If you want great NASTAR times you might want to look at the 'race' models from Dynastar or Fischer.  But those will be significantly less pleasant in the bumps.

post #9 of 25
Quote:
Originally Posted by Matthias99 View Post

 

If you want great NASTAR times you might want to look at the 'race' models from Dynastar or Fischer.  But those will be significantly less pleasant in the bumps.


+1.  In the bumps you want a ski that is light and lively.  You want a ski that can quickly be disengaged and tossed in a different direction easily.  That is pretty much the opposite of what you want carving railroad tracks or skiing GS gates.  There you want a ski that stays locked when engaged until the turn has been completed.

 

post #10 of 25

I have a pair of Fischer Progressor 8+ and continue to amazed at their versatility.  Have about 40 days on them now and have skied them in everything from boilerplate, to 10 inches of powder to spring corn and slush.  Great carver, very good in bumps and surprisingly good in the soft stuff.  I find less and less reasons to pull the Dynastar Legend 8000s out of the ski bag.  Never skied the Progressor 9+ but everything I've heard says the 8+ is a better fit for you.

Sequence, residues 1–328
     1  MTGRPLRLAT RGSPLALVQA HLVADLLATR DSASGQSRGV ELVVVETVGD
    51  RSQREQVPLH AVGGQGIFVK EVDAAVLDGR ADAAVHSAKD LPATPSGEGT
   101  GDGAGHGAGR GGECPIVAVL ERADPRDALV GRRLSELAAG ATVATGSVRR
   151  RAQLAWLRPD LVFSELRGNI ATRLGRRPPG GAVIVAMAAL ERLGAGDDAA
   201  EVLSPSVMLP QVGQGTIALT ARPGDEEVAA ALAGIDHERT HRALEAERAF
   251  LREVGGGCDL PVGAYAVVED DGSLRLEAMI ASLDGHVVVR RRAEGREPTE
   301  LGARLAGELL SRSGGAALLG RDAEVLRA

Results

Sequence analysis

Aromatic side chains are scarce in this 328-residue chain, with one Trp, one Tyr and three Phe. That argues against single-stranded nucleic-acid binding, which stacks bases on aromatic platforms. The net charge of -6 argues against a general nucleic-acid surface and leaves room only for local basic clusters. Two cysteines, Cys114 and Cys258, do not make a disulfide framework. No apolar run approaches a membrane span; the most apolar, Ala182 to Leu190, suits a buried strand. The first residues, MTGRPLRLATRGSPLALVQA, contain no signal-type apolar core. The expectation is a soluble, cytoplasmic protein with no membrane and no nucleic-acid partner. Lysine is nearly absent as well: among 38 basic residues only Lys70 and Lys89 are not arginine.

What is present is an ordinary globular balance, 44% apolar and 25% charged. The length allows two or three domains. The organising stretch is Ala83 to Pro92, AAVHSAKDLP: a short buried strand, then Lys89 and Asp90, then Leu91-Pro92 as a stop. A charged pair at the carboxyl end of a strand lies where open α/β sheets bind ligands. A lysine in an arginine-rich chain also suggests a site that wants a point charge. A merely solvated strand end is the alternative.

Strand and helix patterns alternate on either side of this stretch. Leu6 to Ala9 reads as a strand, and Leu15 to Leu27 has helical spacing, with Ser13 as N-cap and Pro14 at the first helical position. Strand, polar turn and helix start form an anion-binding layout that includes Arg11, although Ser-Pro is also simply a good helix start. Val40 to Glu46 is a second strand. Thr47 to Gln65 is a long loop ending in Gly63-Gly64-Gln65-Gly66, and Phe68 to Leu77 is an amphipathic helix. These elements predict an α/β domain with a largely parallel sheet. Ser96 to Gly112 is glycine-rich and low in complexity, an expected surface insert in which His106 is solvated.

post #11 of 25

Agreen, the Hart Phoenix has my strong vote. I have been on these all winter and have very impressed with the versatilty of this ski. It is 116/66/101, made by Blossom in Italy which makes the VIST line which is top quality. I used the Phoenix last week at the Gathering. It ripped the groomers, was remarkably stable in wind-blown crud and pretty nimble in the bumps for a 16.5 meter ski. I also skied it in February at Vail in powder up to 5" and it was a hoot. I ski it in a 174cm with a VIST TT plate which makes the ski even more stable, and protects against boot-out. Liam mentioned the Hart Pulse. I have that too in 180cm, but have not yet figured that ski out. Still moving the bindings around to find the sweet spot. The Phoenix is love at first ski ski. When I skied with Bob Peters last week (ultimate ski guru) he was on a pair of Hart SL's. He thought the Phoenix was one of the best citizen racers out there. And you know that Hart's strong suit is bump skis. More than a little has rubbed off on the Phoenix. Should mention that these replaced my Blizzard Supersonics in 167cm. The Harts, in 174cm, are much more stable and secure, though perhaps not so quick edge to edge (perhaps because of the extra length).

David

post #12 of 25